Jacinda Ardern’s marked victory in the election is seen as an endorsement of a comprehensive leadership brand that can wave beyond New Zealand’s borders.
In an era of populism and confrontation, Ardern’s message of empathy and kindness married to skilled crisis management won its Labor Party the most votes in more than 70 years. This contrasts with divisive politics in the US as Donald Trump and Joe Biden face off for the presidency on November 3rd.
“Ardern’s approach can be a lesson for other leaders seeking to maximize their support base,” said Zareh Ghazarian, a senior professor of politics and international relations at Monash University in Melbourne. “Not only has she been able to lead the nation through very challenging circumstances, but she has also been able to successfully communicate an overall vision. In New Zealand it is about inclusive politics.”
Ardern, 40, won international acclaim for her response to the deadly shooting at two mosques in 2019, donating a headscarf as a sign of respect as she mourned with the Muslim community. This year, it has demonstrated its steel in tackling the coronavirus pandemic, adopting one of the strictest blockades in the world to destroy community transmission.
It passed into the wave of worship that resulted in securing the first full majority in parliament since New Zealand introduced proportional representation in 1996. Labor won 49% of the vote and 64 of the 120 seats in parliament. The rate of victory may spur its global appeal among those who already see it as a bearer of standards for liberal values.
Ardern is now in a position to lead New Zealand’s left-wing government for decades but has yet to decide whether to include its ally the Green Party, which wants more action on issues such as poverty and change. climate.
Ironically, her added mandate may push her to curb her left-wing instincts as she seeks to depend on center-right voters who have flocked to her banner.
“It will be a big dilemma for him, whether he will go left or stay in that center,” said Lara Greaves, a lecturer in New Zealand politics at the University of Auckland. “Does she want to try to be a four-term prime minister or does she want to make a transformative policy that changes people’s lives?”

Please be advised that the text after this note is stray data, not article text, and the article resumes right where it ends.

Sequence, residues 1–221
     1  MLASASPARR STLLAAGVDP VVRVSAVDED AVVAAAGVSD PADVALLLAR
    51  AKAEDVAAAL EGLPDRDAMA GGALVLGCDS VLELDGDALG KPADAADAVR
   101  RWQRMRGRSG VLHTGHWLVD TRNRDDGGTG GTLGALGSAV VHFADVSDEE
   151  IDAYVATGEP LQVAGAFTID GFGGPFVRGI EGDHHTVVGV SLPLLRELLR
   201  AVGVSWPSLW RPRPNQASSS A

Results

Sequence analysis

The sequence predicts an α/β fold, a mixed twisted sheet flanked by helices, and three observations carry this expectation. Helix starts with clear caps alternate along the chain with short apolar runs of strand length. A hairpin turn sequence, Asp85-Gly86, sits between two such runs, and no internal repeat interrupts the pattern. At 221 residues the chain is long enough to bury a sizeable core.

Her re-election shows the continuation of a nuanced foreign policy stance towards China. Ardern has tried not to oppose New Zealand’s largest trading partner by maintaining close ties with the US and other Western allies in the Five Eyes intelligence-sharing alliance.
Its focus will be on the major economic and social challenges ahead as New Zealand designs a recovery from the recession.
The border is expected to remain closed in 2021, destroying tourism and international education, while the unemployment rate is projected to rise. Economists at Infometrics last week posed the risk of another recession in 2021.
The nation faces persistent budget deficits and net debt that will increase to 56% of gross domestic product by 2026 from 28% by mid-2020, according to Treasury forecasts.
Labor said it would impose a 39% tax on income over $ 180,000 NZ ($ 119,000) to help pay off Covid’s response and keep the debt under control. It aims to stimulate investment and create jobs through large infrastructure projects and small business incentives.
The key to recovery may be a property boom caused by record low interest rates that have seen house prices rise 7.6% in the past year. This in turn has made it more difficult for many to enter the housing market – something Ardern is trying to fix by removing barriers to building new homes.
But she has ruled out significant tax reforms to address wealth inequality and has given no indication since her victory that she intends to be more proactive on issues such as poverty and homelessness. Unlike 2017, when investors stood out from its imminent rise to power, markets seem reckless from the prospect of a second term, with stocks rallying on the eve of its victory.
The results of two referendums held alongside the election are expected on October 30th. New Zealanders are expected to vote in favor of euthanasia but against the legalization of cannabis.
Voters reward Ardern for its successful response to COVID-19, which stands in stark contrast to countries like the UK, US and even neighboring Australia, where authorities are still struggling to contain the virus.
Ardern stood out among its Western counterparts in pursuing a clear elimination strategy and imposed one of the strictest nationwide blockades in the world. This shut down the economy, but eradicated the spread of the virus in the community, allowing restrictions to be lifted faster than in many other countries. A second blast in the larger city of Auckland was also quickly suppressed with a regional blockade, though a new community case was reported on Sunday.
“The way the prime minister puts health ahead of the economy will be of interest, especially to other Social Democrat leaders around the world,” said Bryce Edwards, a political analyst at Victoria University in Wellington. “They will now see Ardern as the leader of those internationally left-wing parties and they will want to learn from it.”
Asked on Sunday if she had a message for Americans as they were heading towards their election, Ardern said it was not her place to comment.
“But my hope as someone who has, of course, a strong interest in politics is that we have elections all over the world where we try to go beyond the divisive nature that elections can sometimes bring, because that can be detrimental to democracy. , “she said.
Distributed by Tribune Content Agency, LLC.
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